Saturday, December 7, 2013


I created BASH to strike down the notion,that Afro-American's are without a supernatural history,unlike other racial groups.

Afro-American mainsteam history,was a slow process,coming into the spotlight at a snails pace.The same applies to Afro-American supernatural history.Not until it became relevant,it seeped into the conscieness of America.Now theres a black history month,and Universities offering degree's in black studies.

Theres an endless supply of untapped tales,from a people whose lifes have been personally touched.As a writer of horror tales,I see horror as a blending of a tragedy being unable to turn away.
Black American's have read about,experienced,or been told about horrifying tragedies from slavery until now.

Why Can't or Won't We Tell Our Stories?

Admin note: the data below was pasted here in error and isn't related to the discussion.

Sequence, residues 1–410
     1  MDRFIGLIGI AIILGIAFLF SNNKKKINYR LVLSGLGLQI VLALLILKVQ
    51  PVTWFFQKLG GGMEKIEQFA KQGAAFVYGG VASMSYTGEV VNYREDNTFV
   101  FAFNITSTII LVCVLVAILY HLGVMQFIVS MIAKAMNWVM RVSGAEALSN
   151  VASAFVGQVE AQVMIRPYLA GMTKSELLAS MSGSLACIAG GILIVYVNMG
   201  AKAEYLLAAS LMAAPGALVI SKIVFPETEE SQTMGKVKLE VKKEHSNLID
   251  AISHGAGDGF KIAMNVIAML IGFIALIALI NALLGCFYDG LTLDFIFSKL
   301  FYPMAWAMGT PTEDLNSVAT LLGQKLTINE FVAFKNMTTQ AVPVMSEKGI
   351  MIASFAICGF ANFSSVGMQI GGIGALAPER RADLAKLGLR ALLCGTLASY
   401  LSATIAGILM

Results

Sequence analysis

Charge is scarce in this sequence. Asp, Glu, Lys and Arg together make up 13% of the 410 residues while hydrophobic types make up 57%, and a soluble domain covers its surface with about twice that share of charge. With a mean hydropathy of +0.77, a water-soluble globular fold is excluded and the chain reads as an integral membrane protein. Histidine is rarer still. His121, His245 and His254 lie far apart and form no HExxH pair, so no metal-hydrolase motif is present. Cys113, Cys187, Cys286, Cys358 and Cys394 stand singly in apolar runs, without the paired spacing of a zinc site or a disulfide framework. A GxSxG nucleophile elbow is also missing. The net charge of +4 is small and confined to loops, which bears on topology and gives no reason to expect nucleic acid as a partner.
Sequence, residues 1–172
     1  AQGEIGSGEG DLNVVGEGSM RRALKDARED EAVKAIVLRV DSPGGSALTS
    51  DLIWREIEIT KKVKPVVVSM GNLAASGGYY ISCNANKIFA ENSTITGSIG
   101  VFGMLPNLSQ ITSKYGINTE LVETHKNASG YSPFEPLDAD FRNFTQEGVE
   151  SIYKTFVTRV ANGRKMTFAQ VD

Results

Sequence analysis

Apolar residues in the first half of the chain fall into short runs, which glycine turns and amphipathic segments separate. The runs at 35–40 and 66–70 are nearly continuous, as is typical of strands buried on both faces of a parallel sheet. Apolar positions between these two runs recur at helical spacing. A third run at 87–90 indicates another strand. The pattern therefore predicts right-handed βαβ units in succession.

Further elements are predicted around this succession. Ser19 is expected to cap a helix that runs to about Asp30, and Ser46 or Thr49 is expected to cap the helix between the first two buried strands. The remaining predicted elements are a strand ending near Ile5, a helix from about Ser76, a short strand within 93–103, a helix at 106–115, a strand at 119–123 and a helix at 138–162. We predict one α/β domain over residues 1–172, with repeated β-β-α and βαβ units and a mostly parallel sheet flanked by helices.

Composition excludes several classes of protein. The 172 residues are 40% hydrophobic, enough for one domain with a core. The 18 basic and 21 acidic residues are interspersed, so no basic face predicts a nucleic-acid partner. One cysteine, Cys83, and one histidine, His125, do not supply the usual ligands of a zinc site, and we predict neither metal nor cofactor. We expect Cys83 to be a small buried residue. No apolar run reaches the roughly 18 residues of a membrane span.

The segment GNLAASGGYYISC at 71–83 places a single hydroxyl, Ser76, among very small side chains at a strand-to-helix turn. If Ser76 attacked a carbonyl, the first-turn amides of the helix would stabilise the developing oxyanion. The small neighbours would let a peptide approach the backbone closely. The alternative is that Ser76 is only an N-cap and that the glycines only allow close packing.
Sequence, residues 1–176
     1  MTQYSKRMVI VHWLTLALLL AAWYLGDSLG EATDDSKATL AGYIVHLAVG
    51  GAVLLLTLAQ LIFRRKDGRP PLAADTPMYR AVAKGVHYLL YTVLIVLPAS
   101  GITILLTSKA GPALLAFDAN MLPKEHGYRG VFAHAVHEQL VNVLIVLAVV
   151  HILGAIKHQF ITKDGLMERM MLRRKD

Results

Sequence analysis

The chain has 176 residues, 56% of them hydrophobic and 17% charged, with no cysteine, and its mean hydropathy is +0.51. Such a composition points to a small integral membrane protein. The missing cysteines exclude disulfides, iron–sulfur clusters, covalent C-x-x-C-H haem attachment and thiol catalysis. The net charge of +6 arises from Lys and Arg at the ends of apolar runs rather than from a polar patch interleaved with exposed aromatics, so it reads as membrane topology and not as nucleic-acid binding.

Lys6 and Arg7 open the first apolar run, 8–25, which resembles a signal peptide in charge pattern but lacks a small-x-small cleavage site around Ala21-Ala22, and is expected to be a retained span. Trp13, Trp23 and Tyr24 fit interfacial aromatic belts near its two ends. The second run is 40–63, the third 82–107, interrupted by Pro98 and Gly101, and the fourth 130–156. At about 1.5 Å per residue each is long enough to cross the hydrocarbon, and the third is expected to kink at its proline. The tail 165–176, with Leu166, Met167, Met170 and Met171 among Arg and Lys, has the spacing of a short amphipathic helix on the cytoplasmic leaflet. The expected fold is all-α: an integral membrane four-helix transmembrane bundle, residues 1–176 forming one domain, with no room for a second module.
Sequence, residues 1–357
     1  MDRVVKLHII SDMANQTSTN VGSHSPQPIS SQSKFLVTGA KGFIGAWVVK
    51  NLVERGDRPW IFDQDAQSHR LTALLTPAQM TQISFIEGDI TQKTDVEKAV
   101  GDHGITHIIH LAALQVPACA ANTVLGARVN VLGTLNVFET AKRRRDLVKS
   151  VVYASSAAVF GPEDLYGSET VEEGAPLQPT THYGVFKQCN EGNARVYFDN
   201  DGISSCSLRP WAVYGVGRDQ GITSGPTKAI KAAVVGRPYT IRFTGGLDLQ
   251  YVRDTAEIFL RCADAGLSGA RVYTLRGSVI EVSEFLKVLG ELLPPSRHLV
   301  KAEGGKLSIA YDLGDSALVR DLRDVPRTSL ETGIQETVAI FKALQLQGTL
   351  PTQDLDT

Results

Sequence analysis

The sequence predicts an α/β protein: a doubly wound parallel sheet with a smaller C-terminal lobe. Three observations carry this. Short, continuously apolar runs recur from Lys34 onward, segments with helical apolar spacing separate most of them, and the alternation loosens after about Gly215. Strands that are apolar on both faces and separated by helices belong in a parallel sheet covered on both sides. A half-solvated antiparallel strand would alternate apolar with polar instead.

Case and Point:

At the tender young age of thirteen,my conception of a black supernatural tale was beyond my imagination,growing up with Dracula,Frankenstein,The Mummy,The Wolfman.My limited thinking was;only white folks had these types of stories? We had horror stories,but they were tales of,black struggles,inner-city life's,drugs,pimps and prostitutes,black on black crimes.

Not until 1968,an unknown Director George Romero created a little low budget indie film,NIGHT OF THE LIVING DEAD.A film that rocked the foundation of my closed world,with the casting of a non-stereotypical black American character in the lead role.The late actor Duane Jones,in a horror film that has become a cult classic.

It was a modern day tale of horror,blended in with authenic tragedy.

Why can't we WRITE,PRODUCE,DIRECT,these types of tales depicting non-stereotypical afro-american storylines?

Case and Point:

No comments: